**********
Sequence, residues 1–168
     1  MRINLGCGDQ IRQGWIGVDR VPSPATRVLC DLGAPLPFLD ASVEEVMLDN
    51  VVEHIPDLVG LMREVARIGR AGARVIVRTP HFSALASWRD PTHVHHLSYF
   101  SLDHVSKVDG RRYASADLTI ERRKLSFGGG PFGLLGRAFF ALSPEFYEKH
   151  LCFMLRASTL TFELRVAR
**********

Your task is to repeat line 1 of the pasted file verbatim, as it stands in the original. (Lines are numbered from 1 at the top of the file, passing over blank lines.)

Sequence, residues 1–168